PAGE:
PARTY OF FOUR: Debbie Bissoon, Carole Beckford, a female guest, and Milton Samuda sharing a post-ceremony snapshot.
WHAT: The 2015 Jamaica Film Festival opening ceremony
WHERE: Courtleigh Auditorium, New Kingston
WHEN: Tuesday night
GUEST LIST: Hon. Anthony Hylton, Stephen Bishop, Lennie Little-White, Debbie Bissoon, Paula Williams Madison, Milton Samuda, Franklyn St. Juste, Fae Ellington, Nicole Bernard, Dr. Angella Brown-Burke, and many more
‘OPTIMISM’ WINS: Addressing the gathering during a presentation centred on boosting the creative economy, Minister Hylton spoke to the growth the film industry is poised to achieve in the near future, thanks to the long-awaited arrival of the festival. “It’s very invigorating to feel the energy and optimism associated with this the first staging of the Jamaica Film Festival,” the minister said. “We are focused on creating a new generation of talents to produce content that can appeal to a wide cross-section of people internationally. It is critical that we work toward strengthening the industry and the Jamaican economy, but this requires collaboration between the public and private sectors.”
SPARING NO EXPENSE: As one can imagine, bringing the film festival to life and at a standard befitting the cultural capital of the Caribbean was no featherweight undertaking. “It was an expensive project to stage,” JAMPRO prez Diane Edwards cited in her report, before lauding the CHASE Fund and numerous other sponsors for answering the call and playing their part. “We are building tourism in Jamaica and opening up Kingston to the world, creating the conditions for art and business to combine. We hope this is the start of something big for Jamaica.”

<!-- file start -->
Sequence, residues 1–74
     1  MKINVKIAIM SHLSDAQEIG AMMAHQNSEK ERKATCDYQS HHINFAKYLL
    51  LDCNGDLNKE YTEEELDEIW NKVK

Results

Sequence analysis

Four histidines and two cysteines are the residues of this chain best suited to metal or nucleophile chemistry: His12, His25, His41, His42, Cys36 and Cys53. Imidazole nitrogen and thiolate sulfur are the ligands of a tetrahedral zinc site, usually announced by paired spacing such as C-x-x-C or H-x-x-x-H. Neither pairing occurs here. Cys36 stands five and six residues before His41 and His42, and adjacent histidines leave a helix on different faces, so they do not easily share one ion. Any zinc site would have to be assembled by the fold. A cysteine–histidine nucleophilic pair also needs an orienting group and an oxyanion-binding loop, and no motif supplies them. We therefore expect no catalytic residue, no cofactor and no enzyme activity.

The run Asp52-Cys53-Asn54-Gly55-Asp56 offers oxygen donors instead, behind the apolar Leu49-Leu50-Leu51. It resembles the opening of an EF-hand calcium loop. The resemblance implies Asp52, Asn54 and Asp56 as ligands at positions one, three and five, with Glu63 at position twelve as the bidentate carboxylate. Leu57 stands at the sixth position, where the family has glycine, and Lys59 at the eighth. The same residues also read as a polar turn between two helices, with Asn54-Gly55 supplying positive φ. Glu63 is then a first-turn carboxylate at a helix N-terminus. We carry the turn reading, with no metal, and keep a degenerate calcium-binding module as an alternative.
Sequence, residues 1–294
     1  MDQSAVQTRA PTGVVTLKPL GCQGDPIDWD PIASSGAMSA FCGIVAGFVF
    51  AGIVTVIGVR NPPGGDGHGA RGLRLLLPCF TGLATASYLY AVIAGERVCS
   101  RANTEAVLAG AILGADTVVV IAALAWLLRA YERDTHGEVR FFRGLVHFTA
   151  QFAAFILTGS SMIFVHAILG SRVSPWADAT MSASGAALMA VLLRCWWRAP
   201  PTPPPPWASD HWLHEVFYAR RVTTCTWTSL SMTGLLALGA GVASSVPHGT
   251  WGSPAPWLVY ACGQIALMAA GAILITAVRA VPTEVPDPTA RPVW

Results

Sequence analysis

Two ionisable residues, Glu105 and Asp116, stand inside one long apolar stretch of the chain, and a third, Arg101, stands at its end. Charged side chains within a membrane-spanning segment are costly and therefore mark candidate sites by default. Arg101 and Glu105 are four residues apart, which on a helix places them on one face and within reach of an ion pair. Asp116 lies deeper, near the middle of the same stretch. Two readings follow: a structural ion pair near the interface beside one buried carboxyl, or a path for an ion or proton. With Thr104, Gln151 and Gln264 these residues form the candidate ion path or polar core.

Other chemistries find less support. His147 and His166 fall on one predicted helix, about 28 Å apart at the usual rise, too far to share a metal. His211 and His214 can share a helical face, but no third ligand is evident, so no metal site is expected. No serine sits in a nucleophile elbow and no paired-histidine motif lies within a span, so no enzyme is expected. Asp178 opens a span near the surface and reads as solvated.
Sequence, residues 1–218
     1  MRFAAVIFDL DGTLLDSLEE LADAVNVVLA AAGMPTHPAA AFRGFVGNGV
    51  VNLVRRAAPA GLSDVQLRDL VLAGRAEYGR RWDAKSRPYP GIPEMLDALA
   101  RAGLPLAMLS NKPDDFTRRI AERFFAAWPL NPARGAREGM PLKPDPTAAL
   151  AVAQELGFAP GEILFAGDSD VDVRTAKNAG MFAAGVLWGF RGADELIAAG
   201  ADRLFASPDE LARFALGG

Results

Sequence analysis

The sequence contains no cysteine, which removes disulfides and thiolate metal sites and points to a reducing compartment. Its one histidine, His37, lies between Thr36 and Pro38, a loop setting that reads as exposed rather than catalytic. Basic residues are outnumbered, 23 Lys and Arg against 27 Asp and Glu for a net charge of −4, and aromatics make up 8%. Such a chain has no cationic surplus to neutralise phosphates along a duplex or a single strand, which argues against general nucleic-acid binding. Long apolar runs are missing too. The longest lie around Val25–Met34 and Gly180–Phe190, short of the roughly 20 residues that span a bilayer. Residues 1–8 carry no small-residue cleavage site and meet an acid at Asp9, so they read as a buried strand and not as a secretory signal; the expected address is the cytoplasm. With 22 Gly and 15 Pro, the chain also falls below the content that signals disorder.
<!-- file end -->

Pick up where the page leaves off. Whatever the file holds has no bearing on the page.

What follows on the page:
GOLD STANDARD: One of the ceremony’s most poignant moments came when Mayor Kingston Dr. Angella Brown-Burke appeared on stage to present a gold medal from the city to Paula Williams Madison, the former NBC Universal power player (with Jamaican roots) whose new HarperCollins memoir Finding Samuel Lowe (about her search for her maternal grandpa and the key to her self-identity) inspired the terrific little documentary of the same name that opened the festival. Alluding to her devotion to the island in her acceptance speech, Williams Madison said simply, “If it’s for Jamaica I do it.”
IT'S A SIGN: Paula Williams Madison autographing copies of her memoir, including one for Carleene Samuels, in the lobby.
> Photo Diary: See who was in attendance at the opening ceremony
> Top Ten: Our picks for the must-see films at the festival